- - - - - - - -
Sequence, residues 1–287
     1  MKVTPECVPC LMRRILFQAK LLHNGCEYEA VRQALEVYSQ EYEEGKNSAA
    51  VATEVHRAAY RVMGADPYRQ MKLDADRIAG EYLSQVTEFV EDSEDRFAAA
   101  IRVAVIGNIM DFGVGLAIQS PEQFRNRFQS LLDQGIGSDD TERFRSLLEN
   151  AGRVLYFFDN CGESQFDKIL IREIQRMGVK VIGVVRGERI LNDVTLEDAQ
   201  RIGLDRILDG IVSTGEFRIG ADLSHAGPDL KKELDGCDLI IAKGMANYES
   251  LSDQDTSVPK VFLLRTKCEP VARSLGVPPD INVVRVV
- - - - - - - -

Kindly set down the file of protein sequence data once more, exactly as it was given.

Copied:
Sequence, residues 1–287
     1  MKVTPECVPC LMRRILFQAK LLHNGCEYEA VRQALEVYSQ EYEEGKNSAA
    51  VATEVHRAAY RVMGADPYRQ MKLDADRIAG EYLSQVTEFV EDSEDRFAAA
   101  IRVAVIGNIM DFGVGLAIQS PEQFRNRFQS LLDQGIGSDD TERFRSLLEN
   151  AGRVLYFFDN CGESQFDKIL IREIQRMGVK VIGVVRGERI LNDVTLEDAQ
   201  RIGLDRILDG IVSTGEFRIG ADLSHAGPDL KKELDGCDLI IAKGMANYES
   251  LSDQDTSVPK VFLLRTKCEP VARSLGVPPD INVVRVV